Starting in February 2021, New York City will send teams of trained mental health and emergency medical professionals, rather than police, to respond to 911 calls involving a mental health crisis.
The new initiative, announced Tuesday by Mayor Bill de Blasio, will be trialed in two undisclosed neighborhoods, and is an attempt to deescalate the potential for police violence.
The idea of sending professionals actually trained to deal with mental health, rather than police with the capability to respond with lethal force, is rooted in police abolition. A 2015 report found that one in four police killings involved a person with a severe mental illness.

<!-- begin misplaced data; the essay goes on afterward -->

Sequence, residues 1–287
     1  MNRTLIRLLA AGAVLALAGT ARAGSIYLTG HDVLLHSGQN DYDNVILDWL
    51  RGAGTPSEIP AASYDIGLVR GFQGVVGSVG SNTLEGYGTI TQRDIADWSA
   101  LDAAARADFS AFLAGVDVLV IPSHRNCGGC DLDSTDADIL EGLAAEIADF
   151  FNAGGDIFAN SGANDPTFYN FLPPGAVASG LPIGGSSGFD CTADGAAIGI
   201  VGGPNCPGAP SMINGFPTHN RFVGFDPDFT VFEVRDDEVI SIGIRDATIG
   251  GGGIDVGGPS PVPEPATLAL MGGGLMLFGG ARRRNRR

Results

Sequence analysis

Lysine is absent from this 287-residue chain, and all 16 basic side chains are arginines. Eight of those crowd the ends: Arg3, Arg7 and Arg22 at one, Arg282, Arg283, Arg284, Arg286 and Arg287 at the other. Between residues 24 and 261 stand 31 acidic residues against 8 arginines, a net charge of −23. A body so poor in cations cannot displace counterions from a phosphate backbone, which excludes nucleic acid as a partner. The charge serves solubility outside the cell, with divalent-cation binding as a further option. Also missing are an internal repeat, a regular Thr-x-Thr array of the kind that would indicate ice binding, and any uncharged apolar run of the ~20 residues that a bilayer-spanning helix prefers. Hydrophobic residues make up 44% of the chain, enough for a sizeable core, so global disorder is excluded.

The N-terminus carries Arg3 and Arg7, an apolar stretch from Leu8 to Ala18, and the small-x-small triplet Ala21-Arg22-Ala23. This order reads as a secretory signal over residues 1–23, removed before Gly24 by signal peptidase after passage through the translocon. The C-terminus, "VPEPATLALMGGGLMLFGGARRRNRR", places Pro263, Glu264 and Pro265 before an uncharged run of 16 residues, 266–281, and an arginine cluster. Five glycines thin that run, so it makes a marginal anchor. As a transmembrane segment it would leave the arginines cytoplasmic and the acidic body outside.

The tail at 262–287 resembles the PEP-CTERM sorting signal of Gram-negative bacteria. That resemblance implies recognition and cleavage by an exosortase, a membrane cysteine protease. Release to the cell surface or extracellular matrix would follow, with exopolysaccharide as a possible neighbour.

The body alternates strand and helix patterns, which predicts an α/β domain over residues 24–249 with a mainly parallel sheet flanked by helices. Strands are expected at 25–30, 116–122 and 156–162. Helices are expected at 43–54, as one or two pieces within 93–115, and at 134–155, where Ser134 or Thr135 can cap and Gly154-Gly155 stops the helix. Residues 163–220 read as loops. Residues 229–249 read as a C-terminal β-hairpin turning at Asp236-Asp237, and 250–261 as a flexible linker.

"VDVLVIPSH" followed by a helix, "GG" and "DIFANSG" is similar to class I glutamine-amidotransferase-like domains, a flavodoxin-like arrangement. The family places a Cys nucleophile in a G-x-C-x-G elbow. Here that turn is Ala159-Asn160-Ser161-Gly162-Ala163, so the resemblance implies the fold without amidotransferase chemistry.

Jumaane D. Williams, NYC’s public advocate, released a plan last year that stressed a more complete approach to the problem of police violence during mental health crises, including more 24/7 facilities to deal with mental health care and alternate lines to call besides 911.
Williams’ office tweeted today that while it was good to see progress in removing police from the equation, the mayor’s plan “lacked the scope or the details needed.”
You can read more about the initiative here: